Finnish Parking Pilot Taps RFID Tags and NFC Phones

By Claire Swedberg

The system enables the city of Oulu to chronicle how long a car is parked, sends reminders to the driver and automatically deducts payment from a designated account.


The Finnish city of Oulu, together with RFID systems integrator ToP Tunniste, has begun piloting a parking system on streets and in garages that would allow drivers to pay for parking with their mobile phones. Pauli Tossavainen, the company’s managing director, says ToP Tunniste is providing its SmartParking solution, part of its SmartTouch product family, for the pilot.

Launched on Sept. 3 in Oulu’s city center, the trial involves 50 participants equipped with SmartParking mobile phones and SmartTouch parking stickers containing NXP Semiconductors‘ Mifare Ultralite 13.56 MHz chips, which comply with the ISO 14443-A standard. Pilot participants apply a SmartTouch sticker to the windshield of their car. The Nokia 6131 phones used in the trial contain a Near Field Communication (NFC) RFID module. The city attached nearly 400 location RFID tags to street lampposts, parking meters and garage gates throughout the area.

A driver parking in a space taps an RFID-enabled mobile phone against the sticker, causing the phone’s NFC module to receive the windshield tag’s unique ID number.

A driver parking in a space on the street taps his RFID-enabled mobile phone against the sticker, causing the phone’s NFC module to receive the windshield tag’s unique identification number. The driver then taps the phone against the nearest location sticker. The phone receives that sticker’s unique ID number, Tossavainen says, and sends both the vehicle and location numbers to the SmartTouch server hosted by ToP Tunniste, via a GPRS connection provided by TeliaSonera.

The system chronicles how long the car is in that space, and the phone sends a reminder message each hour to ensure the person does not drive away without logging out. When it’s time to depart, the driver taps the windshield sticker with the mobile phone once more, and the phone displays a message showing how long the car was parked there and how much money will be deducted from a designated bank or credit card account.

When parking at garages operated by Oulun Pysäköintitalo, the driver taps the cell phone against the garage gate. An interrogator receives the cell phone’s ID number and begins the transaction, causing the gate to open. Upon leaving the garage, the driver again taps the phone on the exit gate, ending the transaction.

The pilot includes equipping two parking-enforcement officers with NFC-enabled mobile phones. Traveling through the Oulu city center, the officers tap the phone against each windshield to receive confirmation that the car’s owner is being billed for parking time. Users can also access their parking history on a Web site hosted by ToP Tunniste, which is providing the software for phone reporting, as well as the garage gate interrogator and the back-end interface between the mobile phones and the Web.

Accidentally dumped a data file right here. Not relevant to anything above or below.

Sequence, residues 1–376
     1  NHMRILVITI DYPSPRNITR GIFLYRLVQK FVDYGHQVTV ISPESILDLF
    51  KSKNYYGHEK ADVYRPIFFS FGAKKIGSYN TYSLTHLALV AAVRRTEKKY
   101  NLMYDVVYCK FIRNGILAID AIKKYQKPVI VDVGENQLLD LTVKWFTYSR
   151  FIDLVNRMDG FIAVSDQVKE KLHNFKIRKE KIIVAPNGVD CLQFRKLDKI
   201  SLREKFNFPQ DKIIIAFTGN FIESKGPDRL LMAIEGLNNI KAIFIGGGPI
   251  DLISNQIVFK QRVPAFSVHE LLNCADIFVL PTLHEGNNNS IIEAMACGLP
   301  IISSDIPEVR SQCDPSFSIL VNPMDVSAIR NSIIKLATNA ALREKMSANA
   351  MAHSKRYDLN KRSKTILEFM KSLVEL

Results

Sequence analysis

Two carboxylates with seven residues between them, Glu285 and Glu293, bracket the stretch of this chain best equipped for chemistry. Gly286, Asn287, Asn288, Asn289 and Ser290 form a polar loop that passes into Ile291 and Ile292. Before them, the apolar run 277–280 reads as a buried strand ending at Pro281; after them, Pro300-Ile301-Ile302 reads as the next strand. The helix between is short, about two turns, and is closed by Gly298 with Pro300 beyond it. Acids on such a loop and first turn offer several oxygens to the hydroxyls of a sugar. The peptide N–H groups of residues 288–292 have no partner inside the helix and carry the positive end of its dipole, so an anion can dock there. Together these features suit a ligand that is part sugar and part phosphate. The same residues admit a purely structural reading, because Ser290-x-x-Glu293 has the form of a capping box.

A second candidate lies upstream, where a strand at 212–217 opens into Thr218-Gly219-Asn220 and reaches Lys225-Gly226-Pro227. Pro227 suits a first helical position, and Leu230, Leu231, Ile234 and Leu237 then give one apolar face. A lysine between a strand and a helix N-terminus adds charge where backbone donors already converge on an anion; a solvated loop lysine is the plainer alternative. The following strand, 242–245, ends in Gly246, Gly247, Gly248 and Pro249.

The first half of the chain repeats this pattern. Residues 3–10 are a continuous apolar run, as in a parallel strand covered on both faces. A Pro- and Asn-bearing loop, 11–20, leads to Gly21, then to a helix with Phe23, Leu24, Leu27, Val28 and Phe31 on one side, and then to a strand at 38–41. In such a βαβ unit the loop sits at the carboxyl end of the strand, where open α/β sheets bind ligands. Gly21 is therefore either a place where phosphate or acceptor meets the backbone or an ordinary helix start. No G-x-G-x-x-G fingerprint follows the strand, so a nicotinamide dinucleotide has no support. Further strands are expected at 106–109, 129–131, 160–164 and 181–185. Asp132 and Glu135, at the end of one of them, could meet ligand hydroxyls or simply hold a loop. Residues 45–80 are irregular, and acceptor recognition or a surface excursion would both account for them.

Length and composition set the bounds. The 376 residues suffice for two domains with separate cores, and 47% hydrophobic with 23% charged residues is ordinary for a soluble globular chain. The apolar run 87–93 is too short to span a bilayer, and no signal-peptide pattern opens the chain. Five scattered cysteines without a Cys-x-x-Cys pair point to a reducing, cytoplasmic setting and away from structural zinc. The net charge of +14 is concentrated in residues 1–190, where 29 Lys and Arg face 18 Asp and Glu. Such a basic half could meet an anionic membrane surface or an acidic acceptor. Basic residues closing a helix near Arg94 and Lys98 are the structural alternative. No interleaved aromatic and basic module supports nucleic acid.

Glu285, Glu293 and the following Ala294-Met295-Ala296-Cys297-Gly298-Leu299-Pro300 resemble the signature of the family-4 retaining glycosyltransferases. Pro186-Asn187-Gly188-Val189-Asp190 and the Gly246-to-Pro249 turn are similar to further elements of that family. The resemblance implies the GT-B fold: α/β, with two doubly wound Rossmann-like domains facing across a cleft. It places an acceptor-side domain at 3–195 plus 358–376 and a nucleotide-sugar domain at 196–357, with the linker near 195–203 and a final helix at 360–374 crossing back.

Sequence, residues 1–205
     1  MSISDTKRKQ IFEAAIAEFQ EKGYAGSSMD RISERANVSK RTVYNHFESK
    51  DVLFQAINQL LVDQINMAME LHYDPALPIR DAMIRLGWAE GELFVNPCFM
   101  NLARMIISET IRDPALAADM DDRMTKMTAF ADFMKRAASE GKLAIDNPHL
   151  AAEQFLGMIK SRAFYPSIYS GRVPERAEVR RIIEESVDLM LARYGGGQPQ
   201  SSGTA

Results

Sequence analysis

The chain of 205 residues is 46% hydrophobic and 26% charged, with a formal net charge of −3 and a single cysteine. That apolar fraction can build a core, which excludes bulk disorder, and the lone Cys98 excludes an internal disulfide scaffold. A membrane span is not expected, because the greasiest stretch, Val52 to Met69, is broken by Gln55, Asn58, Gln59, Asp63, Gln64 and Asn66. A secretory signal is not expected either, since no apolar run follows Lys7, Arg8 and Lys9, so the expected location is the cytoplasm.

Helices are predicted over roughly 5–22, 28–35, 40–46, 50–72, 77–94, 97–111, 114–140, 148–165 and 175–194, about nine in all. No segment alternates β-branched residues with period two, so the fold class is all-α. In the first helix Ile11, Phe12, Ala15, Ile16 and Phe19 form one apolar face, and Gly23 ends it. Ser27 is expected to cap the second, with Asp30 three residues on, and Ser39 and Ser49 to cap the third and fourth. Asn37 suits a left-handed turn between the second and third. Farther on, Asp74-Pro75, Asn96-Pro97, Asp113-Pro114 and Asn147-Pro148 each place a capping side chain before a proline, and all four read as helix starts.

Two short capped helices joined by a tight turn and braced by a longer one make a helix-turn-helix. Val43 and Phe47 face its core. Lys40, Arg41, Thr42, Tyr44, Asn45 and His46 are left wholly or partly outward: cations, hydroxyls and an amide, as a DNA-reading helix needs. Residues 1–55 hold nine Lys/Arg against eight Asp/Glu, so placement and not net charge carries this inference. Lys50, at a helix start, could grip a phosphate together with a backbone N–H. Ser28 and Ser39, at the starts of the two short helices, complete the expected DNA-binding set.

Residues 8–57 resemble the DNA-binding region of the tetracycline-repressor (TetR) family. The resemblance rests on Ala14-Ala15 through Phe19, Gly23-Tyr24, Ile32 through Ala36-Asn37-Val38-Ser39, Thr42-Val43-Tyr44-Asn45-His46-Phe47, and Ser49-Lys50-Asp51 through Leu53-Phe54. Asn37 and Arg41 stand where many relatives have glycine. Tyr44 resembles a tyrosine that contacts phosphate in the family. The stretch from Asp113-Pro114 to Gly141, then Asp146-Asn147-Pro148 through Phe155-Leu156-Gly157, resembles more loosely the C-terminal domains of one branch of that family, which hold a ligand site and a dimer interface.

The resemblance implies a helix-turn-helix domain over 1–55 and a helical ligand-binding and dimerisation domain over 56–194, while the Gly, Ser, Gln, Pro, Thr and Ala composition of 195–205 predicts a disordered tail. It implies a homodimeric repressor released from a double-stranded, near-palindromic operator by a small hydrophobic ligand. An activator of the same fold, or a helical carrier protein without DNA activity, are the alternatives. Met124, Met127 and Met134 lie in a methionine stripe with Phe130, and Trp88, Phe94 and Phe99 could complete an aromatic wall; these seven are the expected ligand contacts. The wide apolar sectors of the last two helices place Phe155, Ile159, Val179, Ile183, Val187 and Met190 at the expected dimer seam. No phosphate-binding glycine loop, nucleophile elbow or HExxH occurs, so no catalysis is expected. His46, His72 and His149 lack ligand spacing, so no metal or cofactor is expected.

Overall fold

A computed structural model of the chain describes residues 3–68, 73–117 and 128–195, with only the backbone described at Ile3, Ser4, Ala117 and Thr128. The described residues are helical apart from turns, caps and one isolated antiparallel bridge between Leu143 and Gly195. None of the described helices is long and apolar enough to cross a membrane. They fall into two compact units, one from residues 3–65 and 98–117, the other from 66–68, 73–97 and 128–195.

Oulu drivers not involved in the pilot typically use cash to pay for metered parking, or credit cards at garages, says Janne Mustonen, project manager for the Oulu Innovation Environment Project. The city-run project oversees this pilot and studies mobile network opportunities to improve city services. The technology used for the trial enables drivers to forego using coins, tickets or credit cards. “An important factor for those parking their cars using the NFC solution is that a parking fee is equal to real parking time,” Mustonen explains, “which means that one doesn’t have to pay any extra for parking or worry about running out of parking time.”

Technical research firm VTT is collecting and analyzing user feedback. “People participating in the SmartParking pilot have already told us that they find it very practical and easy—as simple as a touch,” Mustonen says. “From the city’s point of view, the NFC solution allows us to provide better services, as well as receive real-time information of how people really use street and garage parking. This is essential information in order to develop the city’s parking services.”

Still, Tossavainen notes, full implementation of the SmartParking system may yet be years ahead. “There are not many NFC-enabled phones in use in Finland,” he says. Tossavainen estimates that at least half of the mobile phone users will have NFC capability within five years. In the meantime, the city hopes to examine other uses for the technology, such as allowing parking officials to monitor when and where parking is heaviest, and to send notifications to drivers via their NFC-enabled phones, leading them to the nearest empty parking space. If conducted, however, such research would take place in a separate or later phase of this pilot.